Born bad. Or weird. Or both


Want to know anything about genocide? Well, it’s not the same as mass slaughter, for a start, and as soon as I finish my essay I’ll be able to tell you why. With examples. Oh dear, I have spent the last week in a welter of degradation and disgust, and not surprisingly, some of the filth has stuck to my wellies and I’m treading it into the carpet of my everyday life.

Witness the colleague who made a crack about redheads yesterday and brought at least one horseman of the apocalypse down onto his head. Mind you, when confronted with the theoretical coupling of two frecklers, he had used the terms ‘incest’, ‘potential genetic freak-show’ and ‘ginger mole-children’ in an email of only 46 words.

Thanks to my current reading, I am a little sensitive to ideas of genetic determinism. That your genes carry some sort of essential characteristics that are a) common to everyone of similar appearance or fellow members of the notional ‘group’, and b) different from everyone else. That people who carry these characteristics are programmed to behave a certain way and that these are ineradicable.

Fortunately for Dave, my flabby imprecision (‘It’s a bit more complicated than that, you essentialist moron’) has been dealt a blow by some new sciencey stuff that you can read here. No warning bells are ringing at all.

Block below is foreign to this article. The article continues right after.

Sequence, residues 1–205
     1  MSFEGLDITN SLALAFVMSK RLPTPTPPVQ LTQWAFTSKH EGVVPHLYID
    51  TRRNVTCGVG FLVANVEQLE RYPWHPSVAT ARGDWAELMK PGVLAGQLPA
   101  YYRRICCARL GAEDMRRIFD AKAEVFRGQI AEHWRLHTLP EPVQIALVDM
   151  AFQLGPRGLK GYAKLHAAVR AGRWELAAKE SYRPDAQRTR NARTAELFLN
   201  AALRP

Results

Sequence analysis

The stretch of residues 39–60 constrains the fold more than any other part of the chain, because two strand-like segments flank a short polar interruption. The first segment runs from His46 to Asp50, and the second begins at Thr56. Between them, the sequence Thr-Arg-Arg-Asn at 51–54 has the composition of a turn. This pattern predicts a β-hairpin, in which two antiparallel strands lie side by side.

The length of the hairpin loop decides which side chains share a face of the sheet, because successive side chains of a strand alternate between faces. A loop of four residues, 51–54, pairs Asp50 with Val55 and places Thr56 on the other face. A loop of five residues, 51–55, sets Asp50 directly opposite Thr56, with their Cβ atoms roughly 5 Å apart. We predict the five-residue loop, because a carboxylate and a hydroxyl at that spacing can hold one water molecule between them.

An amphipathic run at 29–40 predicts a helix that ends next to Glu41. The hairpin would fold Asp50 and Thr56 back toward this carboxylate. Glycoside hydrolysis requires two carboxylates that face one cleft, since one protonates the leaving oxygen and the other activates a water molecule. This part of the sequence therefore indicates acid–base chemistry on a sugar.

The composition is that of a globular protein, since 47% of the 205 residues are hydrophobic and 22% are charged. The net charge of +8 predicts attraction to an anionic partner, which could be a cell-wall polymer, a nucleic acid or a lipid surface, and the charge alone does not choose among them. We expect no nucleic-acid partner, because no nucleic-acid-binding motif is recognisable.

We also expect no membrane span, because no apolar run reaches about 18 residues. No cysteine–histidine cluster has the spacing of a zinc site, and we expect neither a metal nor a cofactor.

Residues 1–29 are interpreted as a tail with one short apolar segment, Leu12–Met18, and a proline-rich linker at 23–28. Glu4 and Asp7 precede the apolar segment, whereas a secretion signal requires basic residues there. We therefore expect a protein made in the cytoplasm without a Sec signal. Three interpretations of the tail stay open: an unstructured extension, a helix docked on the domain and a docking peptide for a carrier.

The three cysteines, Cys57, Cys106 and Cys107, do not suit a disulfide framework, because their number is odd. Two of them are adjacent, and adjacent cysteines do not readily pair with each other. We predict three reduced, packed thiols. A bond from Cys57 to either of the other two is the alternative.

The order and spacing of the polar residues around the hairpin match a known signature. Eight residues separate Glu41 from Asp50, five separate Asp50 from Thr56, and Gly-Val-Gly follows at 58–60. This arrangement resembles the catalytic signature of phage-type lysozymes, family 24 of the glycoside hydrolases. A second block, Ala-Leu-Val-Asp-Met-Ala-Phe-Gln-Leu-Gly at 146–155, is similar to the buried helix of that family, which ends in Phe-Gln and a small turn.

I’m particularly keen on phrases like ‘The seeds of sin …’ when uttered by a scientist. It seems that six-month-old babies carry in their brains a trackable predictor of potential criminality (the little bastards). The ‘former Home Office scientist’ (why ‘former’? Was he fired?) goes on ‘The time is going to come when we are going to be able to predict reasonably well [‘reasonably’? On what scale?] which individuals… are predicated to become criminal offenders.’ Doctor Scary isn’t afraid to call a spade a spade ‘It’s very simple – bad brain, bad behaviour’. [Simple? Behaviour? Are you sure?]

So what should we do, faced with this understanding? ‘The point is going to come when we have to decide [oh good, I love a binary opposition in matters of ethically perilous complexity]; are we going to intervene at an early age even though the prediction will never ever be perfect and we’ll always make mistakes.’

Well, it kind of depends on the nature of the intervention, doesn’t it? Mentoring, educational input, social support, bit of fish oil: lovely. Notes on your file, nano-tagging, pre-emptive segregation and a mug-shot in the local paper (‘The monsters in our midst’): not so great. But hell, I would say that. I’m a ginger mole-child with a chip on my freckled shoulder.


2 Responses to “Born bad. Or weird. Or both”

  1. 1 Sonia Evans

    My wife is a red head too, I’ve learnt over the years that you really can’t beat a ginger personality (not even in self defense…).

    I read the “criminal traits in babies brains” article in no less a medical journal than The Metro, so I believe the findings to be absolutely true…..or, possibly a complete load of horlicks..

    • 2 vanessaharriss

      Well, we do all share one personality. And certainly Dave found that the reputational hot temper is completely untrue.

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